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Butterflies of Mexico, USA & Canada
Proteus Longtail
Urbanus proteus  LINNAEUS, 1758
Family - HESPERIIDAE
subfamily - PYRGINAE
tribe - EUDAMINI
Urbanus proteus Adrian Hoskins
Introduction
The subfamily Pyrginae are characterised by their habit of basking with wings outspread, compared to the half-open position favoured by the Hesperiinae.
The tribe Eudamini includes 44 genera. There are about 95 species of long-tailed Skippers, assigned to various genera including Typhedanus, Aguna, Polythrix, Chioides and Urbanus.
The forewings of long-tailed Skippers usually have either a thin white median band, or a pattern of diaphanous spots, the configuration of which varies according to genus and species. A feature that helps narrow down the genus is the pattern on the underside hindwings. In Aguna for example these are marked with a prominent white median band, while Chioides and Typhedanus are marbled with blackish markings. Urbanus species typically have a fairly plain underside marked with parallel dark bands, although in several species the inner band is broken up into a series of 3 or 4 large blotches.
There are 34 Urbanus species, distributed variously from Texas to Paraguay and Argentina.
Urbanus proteus is common and widespread species, found from the southern USA to Bolivia.
Habitats
Like most Urbanus species this butterfly is usually associated with disturbed habitats including forest glades and clearings, roadsides and pastures, at altitudes between sea level and about 1500m.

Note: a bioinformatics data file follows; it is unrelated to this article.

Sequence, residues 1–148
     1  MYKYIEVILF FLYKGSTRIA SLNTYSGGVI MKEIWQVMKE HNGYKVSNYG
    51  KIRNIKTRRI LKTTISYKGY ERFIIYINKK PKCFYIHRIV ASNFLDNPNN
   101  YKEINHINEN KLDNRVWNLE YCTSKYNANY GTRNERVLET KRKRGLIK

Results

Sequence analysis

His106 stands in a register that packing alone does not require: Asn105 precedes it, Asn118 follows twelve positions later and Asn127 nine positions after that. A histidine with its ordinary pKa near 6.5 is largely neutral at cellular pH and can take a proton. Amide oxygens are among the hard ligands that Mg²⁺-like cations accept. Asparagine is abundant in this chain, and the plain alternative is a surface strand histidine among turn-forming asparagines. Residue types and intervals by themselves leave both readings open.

Lifecycle
The eggs of Urbanus species are typically cream or greenish in colour, barrel-shaped and have about 15 vertical ridges. They are laid in small clusters on the undersurface of leaves.
The foodplants of proteus include many herbaceous members of the family Leguminosae, including cultivated peas, beans and soya. The larva lives solitarily within a shelter constructed by rolling up a leaf of the foodplant and lining the inside with silk - hence the caterpillars are commonly known as bean leaf-rollers. They are considered a pest in the southern United States.
Adult behaviour

The butterflies are usually seen singly, basking with wings half-open on low foliage. In overcast weather or at dawn they will sometimes bask with wings fully outspread, but like most Urbanus species they are acutely aware of what is going on around them, and are nervous and energetic, taking flight immediately if disturbed. Even if frequently disturbed however the males will repeatedly return to the same perch, or one of several regularly used perches in the immediate vicinity. They have a very rapid whirring flight, zipping back and forth, often circling unnoticed around an observer and settling behind him or her.

Males feed at bird droppings, and sometimes imbibe mineralised moisture from damp roadsides and riverbanks. Females visit Eupatorium and other flowers for nectar. When seeking oviposition sites they flit constantly back and forth from leaf to leaf, testing the chemical composition of various plants by using olfactory sensors in their feet.

 

 

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